Bradford Era: Pre-k Cuts Spare Area While Expansion is Needed, Expert Says
By COLIN DEPPEN
The closure of Pennsylvania Pre-K programs due to the ongoing state budget impasse in Harrisburg won’t impact the local four-county region, according to experts who say a possible expansion of Pre-K services found in competing budget proposals still on the floor might actually help children here.
The announcement made last week had Pre-K programs serving Pennsylvania children set to become the latest casualty of a bitter budget battle in the capital now into its fourth month, following non-profits and school districts with state funding already suspended or threatened by the deadlock.
According to reports, 19 early childhood learning centers certified under Pennsylvania’s state subsidized Pre-Kindergarten program are expected to close their doors by Nov. 10, with at least 800 children hanging in the balance. Those centers report having exhausted savings and low-interest loans to cover the gap while the budget delay leaves funding frozen.
The centers, funded through the state’s Pre-K Counts program, serve 14,000 children in total.
Of them, an estimated 161 live in the local four-county region — 15 in Cameron County; 65 in McKean County; 49 in Elk County; and 32 in Potter County, according to numbers provided by the state Department of Education.
None are expected to lose funding or access as a result of the budget fight.
In fact, Pre-K for Pa. Coalition spokeswoman, Kate Philips, said children in northcentral Pennsylvania could stand to benefit from contested budget proposals now on the floor, both of which contain funding increases for Pre-K programs: $30 million in the GOP’s budget and $120 million in that of Democratic Gov. Tom Wolf.
Philips said Wolf’s proposal would add as many as 14,000 new kids to Pre-K programs, while the GOP budget would add 3,500, adding any increase or expansion of services is welcomed.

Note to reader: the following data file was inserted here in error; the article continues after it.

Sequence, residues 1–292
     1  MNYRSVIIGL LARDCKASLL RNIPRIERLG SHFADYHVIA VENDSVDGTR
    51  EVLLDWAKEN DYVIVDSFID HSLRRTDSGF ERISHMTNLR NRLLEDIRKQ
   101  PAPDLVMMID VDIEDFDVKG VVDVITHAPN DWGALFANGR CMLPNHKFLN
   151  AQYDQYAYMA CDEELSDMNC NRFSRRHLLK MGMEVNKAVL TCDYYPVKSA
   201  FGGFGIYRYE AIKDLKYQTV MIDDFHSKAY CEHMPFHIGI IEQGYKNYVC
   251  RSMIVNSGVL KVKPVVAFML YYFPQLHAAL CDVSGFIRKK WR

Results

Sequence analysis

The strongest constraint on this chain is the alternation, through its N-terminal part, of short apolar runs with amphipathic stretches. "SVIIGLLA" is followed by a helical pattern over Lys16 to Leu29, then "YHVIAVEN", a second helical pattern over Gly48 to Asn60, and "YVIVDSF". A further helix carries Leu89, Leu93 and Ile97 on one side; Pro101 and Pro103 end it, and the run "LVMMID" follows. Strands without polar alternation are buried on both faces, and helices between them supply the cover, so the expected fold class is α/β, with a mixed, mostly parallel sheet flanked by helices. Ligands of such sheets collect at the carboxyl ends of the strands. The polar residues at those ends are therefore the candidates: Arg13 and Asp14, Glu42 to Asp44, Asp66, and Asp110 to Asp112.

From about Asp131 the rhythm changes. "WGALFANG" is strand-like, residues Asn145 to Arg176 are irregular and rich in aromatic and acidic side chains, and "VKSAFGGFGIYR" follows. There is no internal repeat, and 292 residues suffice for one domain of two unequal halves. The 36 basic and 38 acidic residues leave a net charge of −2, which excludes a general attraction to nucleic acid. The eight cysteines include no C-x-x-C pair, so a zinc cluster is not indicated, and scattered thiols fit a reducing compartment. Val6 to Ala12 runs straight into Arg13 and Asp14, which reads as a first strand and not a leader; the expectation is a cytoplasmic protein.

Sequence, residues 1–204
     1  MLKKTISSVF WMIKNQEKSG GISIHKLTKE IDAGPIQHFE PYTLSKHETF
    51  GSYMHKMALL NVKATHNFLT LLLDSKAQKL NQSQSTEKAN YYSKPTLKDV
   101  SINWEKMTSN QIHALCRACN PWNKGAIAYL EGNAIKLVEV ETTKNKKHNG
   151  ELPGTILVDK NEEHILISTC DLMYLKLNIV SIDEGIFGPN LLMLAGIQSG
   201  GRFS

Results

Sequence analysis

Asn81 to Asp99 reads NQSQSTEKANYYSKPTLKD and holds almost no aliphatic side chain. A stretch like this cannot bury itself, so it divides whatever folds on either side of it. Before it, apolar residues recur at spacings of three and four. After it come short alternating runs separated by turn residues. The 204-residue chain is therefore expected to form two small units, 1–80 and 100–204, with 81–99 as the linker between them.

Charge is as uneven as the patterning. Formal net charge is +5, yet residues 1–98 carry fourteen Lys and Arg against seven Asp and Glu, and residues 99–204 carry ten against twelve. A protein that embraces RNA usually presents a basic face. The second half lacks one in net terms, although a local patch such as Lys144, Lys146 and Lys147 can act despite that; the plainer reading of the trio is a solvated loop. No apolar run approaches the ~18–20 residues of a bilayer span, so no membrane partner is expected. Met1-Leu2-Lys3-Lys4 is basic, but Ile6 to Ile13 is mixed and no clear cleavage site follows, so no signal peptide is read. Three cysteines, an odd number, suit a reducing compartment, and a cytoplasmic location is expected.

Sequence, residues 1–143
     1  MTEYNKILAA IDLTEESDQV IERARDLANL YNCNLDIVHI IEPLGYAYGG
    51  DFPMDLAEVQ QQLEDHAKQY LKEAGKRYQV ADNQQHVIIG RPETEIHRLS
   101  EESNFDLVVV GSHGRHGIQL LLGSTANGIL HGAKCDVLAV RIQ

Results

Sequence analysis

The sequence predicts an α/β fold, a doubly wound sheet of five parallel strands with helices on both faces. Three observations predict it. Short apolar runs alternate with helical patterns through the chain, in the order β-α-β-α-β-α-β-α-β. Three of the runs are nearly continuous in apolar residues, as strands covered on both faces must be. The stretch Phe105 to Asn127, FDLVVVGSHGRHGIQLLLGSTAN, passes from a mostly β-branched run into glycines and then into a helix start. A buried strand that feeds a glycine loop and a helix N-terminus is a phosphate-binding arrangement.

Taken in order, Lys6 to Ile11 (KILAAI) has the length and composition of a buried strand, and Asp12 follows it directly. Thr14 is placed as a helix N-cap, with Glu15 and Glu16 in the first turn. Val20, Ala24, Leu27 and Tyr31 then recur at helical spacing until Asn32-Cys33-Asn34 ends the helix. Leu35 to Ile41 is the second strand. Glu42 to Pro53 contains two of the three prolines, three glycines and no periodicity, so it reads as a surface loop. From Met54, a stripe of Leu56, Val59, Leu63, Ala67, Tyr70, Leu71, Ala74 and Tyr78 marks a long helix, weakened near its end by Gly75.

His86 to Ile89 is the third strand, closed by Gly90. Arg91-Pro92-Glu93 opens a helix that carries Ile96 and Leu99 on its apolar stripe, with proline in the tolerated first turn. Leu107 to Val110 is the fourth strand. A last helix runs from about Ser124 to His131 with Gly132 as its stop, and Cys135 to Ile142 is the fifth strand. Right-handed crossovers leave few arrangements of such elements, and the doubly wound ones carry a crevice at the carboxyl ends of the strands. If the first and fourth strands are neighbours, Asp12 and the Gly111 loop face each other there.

The numbers are out of a total 204,406 children, ages three and four, in Pennsylvania, with 69 percent of them lacking access to Pre-K services currently, the Coalition reports.
According to numbers provided by Pre-K for Pa., the number of children unserved or underserved by Pre-K programs remains disproportionately high in northcentral Pennsylvania.
In McKean County, an estimated 59 percent or 591 children of a total 1,008, ages three and four, lack access to high-quality Pre-K, with nearly three-fourths of children in the age bracket living below 300 percent poverty here.
In Elk County, 77 percent or 520 of a total 671 children, ages three and four, did not have access to high quality Pre-K, with 67 percent of children in the age group living below 300 percent poverty.
In Potter County, 67 percent or 268 children of a total 400, ages three and four, did not have access to high quality Pre-K, with 72 percent of the age group there living below 300 percent poverty.
In Cameron County, 45 percent or 36 of 80 total children, ages three and four, didn’t have access to Pre-K, with 72 percent of children in the age group there living below 300 percent poverty.
“There is a large number of children not being served in (rural Pennsylvania),” Philips said.
“These are not just urban problems … Part of the conversation is about expanding access. There is a real need.”
Embroiled in budget talks, Republican legislators like Matt Gabler, R-DuBois, say their plan for a $30 million Pre-K funding hike amounts to “responsible budgeting based on real numbers,” while criticizing Wolf for income tax hikes they say will be necessary to fund his loftier ambitions.
“Our $30.2 billion balanced budget that passed the Legislature on June 30 provided responsible increased investment in schools, human services and other programs such as Pre-K Counts,” Gabler said.
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